Within weeks of moving into their home in the Black Forest area of Colorado Springs, “all hell broke loose” for the Lee family, according to Our Community Now. There were flashing lights, footsteps, orchestra music, strange smells, and even sightings of ghostly faces. The Lee family lives there to this day, still reporting the same phenomena. No one can explain what it is, although a Hopi shaman who was called in to consult claims the house is located on a “rip in the space-time continuum,” where spirits can move freely between worlds.
Connecticut: The shallow graves beneath New Haven Green
In 2012, Hurricane Sandy caused a tree to fall on New Haven Green. Tangled in the roots was a human skull, dating back around 200 years. An archeological dig followed, yielding more body fragments, as well as coffin nails. It’s suspected more than 5,000 bodies are buried under the Green and that they may have been “dragged out in the middle of the night, wrapped in a sheet, and buried in shallow, unmarked graves.” Some theorize the people died during a terrible epidemic—though no one’s sure of what. Here are the diseases you probably didn’t realize still exist today.
Delaware: The inexplicable murder of Jane Marie Prichard
Jane Marie Prichard was conducting botany experiments in Blackbird State Forest in September 1986 when she was shot to death; campers stumbled across her body later. Many hunters were in the forest that day, but investigators quickly ruled out an accidental shooting, according to Delaware Online. What they couldn’t figure out and still haven’t is why someone wanted Prichard dead, and who might have killed her. The case remains cold to this day.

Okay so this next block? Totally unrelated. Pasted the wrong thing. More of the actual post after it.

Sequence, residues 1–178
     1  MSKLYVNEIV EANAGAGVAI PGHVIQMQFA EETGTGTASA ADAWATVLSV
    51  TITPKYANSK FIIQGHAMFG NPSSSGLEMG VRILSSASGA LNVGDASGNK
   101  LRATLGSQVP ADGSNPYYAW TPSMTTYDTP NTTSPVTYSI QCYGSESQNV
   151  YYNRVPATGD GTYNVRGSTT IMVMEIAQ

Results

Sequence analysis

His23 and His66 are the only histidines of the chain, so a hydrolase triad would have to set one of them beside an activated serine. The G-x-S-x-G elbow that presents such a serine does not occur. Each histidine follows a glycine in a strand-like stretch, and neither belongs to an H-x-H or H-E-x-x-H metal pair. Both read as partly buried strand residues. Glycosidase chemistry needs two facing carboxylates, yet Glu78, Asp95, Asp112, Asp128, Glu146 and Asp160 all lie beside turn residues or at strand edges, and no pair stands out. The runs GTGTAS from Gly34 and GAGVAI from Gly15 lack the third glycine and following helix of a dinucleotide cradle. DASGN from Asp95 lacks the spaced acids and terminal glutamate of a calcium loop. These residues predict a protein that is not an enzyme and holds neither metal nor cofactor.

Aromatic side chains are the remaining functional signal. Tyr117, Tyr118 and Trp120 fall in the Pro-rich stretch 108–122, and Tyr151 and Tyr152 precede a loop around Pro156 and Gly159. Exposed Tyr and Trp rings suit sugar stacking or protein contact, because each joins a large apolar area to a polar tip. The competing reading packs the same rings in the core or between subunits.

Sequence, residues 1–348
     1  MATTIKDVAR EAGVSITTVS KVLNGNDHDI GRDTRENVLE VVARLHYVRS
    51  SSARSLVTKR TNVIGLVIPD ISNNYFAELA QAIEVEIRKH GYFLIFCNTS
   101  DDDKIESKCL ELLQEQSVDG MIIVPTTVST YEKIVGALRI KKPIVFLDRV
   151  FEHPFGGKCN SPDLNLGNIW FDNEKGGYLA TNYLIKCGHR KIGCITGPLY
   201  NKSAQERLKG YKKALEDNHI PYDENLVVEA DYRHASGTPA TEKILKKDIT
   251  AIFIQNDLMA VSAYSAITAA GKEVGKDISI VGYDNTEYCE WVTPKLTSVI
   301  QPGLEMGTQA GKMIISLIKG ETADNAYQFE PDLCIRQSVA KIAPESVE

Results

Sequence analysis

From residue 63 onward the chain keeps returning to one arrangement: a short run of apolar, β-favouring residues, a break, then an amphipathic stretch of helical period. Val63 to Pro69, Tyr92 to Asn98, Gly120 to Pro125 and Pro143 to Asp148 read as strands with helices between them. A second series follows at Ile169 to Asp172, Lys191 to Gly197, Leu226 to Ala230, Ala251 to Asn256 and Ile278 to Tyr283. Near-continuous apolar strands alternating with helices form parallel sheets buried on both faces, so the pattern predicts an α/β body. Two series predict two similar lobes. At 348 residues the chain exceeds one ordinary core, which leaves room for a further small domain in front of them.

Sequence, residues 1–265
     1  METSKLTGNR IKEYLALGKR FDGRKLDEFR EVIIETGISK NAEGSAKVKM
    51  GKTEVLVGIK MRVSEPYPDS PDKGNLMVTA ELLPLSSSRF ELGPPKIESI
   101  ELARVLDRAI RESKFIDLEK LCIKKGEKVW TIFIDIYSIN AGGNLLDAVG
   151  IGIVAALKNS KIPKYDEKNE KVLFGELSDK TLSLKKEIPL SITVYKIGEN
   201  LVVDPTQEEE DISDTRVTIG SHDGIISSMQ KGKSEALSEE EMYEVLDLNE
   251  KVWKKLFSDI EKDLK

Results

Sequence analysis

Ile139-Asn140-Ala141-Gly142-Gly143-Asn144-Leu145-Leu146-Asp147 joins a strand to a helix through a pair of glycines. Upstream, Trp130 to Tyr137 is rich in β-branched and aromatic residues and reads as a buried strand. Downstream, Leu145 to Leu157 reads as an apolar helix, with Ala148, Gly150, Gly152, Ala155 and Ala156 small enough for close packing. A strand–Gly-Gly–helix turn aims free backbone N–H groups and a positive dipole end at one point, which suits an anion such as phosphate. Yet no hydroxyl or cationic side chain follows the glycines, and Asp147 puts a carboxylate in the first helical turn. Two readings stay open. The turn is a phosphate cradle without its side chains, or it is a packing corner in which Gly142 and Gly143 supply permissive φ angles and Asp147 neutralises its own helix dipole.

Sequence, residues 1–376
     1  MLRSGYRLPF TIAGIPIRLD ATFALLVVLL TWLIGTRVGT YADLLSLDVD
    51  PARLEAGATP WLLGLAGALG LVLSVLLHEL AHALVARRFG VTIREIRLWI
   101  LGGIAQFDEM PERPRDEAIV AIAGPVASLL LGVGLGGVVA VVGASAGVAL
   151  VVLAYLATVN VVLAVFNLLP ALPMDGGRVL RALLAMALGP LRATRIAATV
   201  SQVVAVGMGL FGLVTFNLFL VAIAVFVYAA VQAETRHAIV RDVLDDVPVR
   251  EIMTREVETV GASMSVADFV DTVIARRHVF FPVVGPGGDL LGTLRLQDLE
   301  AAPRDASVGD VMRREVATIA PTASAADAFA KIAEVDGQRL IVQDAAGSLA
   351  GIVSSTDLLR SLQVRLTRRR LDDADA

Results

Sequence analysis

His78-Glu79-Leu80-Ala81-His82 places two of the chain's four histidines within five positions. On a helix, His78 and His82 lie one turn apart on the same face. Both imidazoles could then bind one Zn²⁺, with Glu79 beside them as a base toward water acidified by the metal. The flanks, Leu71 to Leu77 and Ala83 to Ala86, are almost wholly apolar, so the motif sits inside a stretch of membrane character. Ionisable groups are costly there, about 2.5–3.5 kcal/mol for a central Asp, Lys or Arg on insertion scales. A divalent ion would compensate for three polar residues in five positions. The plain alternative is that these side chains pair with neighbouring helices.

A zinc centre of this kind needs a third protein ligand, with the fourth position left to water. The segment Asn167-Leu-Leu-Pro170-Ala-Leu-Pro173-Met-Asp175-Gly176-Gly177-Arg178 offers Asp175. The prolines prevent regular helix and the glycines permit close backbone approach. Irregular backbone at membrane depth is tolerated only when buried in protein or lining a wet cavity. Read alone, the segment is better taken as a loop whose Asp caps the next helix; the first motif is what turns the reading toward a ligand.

Florida: The spontaneous combustion of Mary Reeser
In July of 1951, authorities found the body of 67-year-old Mary Reeser in her St. Petersburg apartment. Or more accurately, the pile of mostly ash that once was Mary Reeser’s body (part of her lower leg and some of her spine remained). Apparently, her body had been almost entirely cremated, which is mind-boggling when you consider that cremation requires three hours of burning in a 3,000-degree fire. Even more bizarre—only Reeser’s body had burned: The rest of her apartment was intact, even a pile of newspapers beside her body.
Georgia: The Bleeding House
One night in 1987, Minnie Winston saw blood on the floor of her Atlanta house. Terrified, she ran to find her husband. He was fine, but there was more blood… everywhere. On the walls, oozing from the floor, seeping up from under kitchen appliances. She and her husband called the police, who found no evidence of a break-in. What they were able to surmise was that the blood had come from a living human. No one has ever figured out where or whom the blood came from. Here’s what your fears reveal about your personality.
Hawaii: What happened to Lisa Au
More than 35 years ago, 19-year-old Lisa Au disappeared without a trace, her car abandoned along a highway in Kailua. Her body turned up ten days later, naked and decomposing. The coroner couldn’t determine the cause of death, but police consider the case a homicide—perhaps Hawaii’s most notorious since the police believe that Lisa may have been abducted by someone posing as a police officer.
Idaho: Strange mutilations